Here is what Wallcliffe Volunteer Fire Brigade had to say about their last few days in the field.
Our second significant bushfire within the last week in the Margaret River region. This one at Rosa Brook this afternoon got going with strong winds fueling the blaze. The fire was spotting several hundred metres ahead of the fire front and crowning in the trees. Over 60+ firefighters from Rosa Brook, Witchcliffe, Margaret River, Cowaramup and Wallcliffe Volunteer Brigades. Plus DPAW, Police, SES, DFES Air Support and contract earthmovers helped contain the fire.
Several houses and sheds were saved by Volunteer crews.
We normally like to have a fire preparedness message with our pics, but this iPhone image of Volunteer Firefighter Greg West represents such a great effort from the volunteer brigades yesterday we decided to run it as stand alone image.
This is about 40 minutes into the fire. It’s roaring through the bush like a jet engine, crowning in the tree tops and everything in it’s path is igniting. If you were standing outside looking in, it looked like a nuclear bomb has just unloaded on Rosa Brook. If you were standing on the inside looking out, you couldn’t see a bloody thing! Choking smoke, radiant heat and fierce ember attack.
The first volunteer brigades on the scene were tasked with asset protection – there was a house and shed in the direct path of the fire. Crews deployed around the house and ran the hoses in all directions awaiting the inevitable explosion of fire as it came out of the forest.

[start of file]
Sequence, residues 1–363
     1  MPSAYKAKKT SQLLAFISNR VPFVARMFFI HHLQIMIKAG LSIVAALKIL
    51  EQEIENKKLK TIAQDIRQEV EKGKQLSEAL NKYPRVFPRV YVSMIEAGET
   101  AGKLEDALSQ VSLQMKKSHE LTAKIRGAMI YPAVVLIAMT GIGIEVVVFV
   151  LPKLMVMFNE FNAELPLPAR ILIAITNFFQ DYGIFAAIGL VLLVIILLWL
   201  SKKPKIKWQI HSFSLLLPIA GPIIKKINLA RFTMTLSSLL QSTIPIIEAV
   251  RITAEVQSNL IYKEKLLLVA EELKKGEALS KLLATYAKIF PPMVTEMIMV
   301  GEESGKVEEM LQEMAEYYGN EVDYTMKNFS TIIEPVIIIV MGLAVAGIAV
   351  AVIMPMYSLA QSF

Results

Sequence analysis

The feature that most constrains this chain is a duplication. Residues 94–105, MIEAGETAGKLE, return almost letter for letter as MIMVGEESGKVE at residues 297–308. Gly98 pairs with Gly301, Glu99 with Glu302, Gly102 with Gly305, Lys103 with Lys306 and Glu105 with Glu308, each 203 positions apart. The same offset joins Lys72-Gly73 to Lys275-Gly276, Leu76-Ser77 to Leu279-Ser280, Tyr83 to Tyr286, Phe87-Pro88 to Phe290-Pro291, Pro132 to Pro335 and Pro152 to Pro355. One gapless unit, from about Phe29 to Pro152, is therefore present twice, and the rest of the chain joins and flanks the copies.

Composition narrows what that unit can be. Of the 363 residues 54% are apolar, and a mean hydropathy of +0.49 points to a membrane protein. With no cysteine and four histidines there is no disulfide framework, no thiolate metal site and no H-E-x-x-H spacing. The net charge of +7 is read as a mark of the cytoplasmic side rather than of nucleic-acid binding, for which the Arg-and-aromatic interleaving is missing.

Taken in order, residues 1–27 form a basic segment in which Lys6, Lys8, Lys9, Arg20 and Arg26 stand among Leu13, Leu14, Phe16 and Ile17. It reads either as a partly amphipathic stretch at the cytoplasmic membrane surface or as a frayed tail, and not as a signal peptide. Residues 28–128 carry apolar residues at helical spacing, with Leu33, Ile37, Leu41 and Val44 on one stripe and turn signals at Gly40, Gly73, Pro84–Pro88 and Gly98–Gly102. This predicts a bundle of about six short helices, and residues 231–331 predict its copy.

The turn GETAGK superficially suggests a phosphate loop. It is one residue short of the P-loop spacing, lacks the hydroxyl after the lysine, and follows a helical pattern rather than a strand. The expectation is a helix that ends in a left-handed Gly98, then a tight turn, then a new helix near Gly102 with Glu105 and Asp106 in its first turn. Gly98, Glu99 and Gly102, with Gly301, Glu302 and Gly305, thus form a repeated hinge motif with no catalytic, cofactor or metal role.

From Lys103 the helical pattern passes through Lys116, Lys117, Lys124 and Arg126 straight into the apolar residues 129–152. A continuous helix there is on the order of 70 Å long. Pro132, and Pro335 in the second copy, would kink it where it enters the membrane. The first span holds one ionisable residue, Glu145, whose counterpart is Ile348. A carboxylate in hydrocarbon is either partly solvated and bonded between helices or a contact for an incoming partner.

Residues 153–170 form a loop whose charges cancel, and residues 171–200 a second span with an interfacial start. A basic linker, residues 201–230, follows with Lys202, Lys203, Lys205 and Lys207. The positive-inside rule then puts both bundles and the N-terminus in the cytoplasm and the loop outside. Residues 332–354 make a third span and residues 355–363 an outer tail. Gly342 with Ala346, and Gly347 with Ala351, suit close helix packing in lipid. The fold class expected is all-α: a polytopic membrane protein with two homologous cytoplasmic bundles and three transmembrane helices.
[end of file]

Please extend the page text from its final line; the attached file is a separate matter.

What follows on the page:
Within minutes the fire was there, it was everywhere, all at once. Fire in front, behind and both sides.
Back up was requested and DFES Air Support were tasked with assisting the crews on the ground. But the sky was so black the helicopters couldn’t see a drop zone and couldn’t drop water.
A total of 6 trucks with 20 firefighters worked to save the house as the fire front passed. And they did it! Completely saved.
….. And that was just the start of a looooong looooooong shift. Crews were then chasing spot fires up to 500 meters ahead of the fire as it tore through paddocks and vineyards. Long into the night they worked with crew shifts taking over the back breaking work of mopping up every ember and burning tree.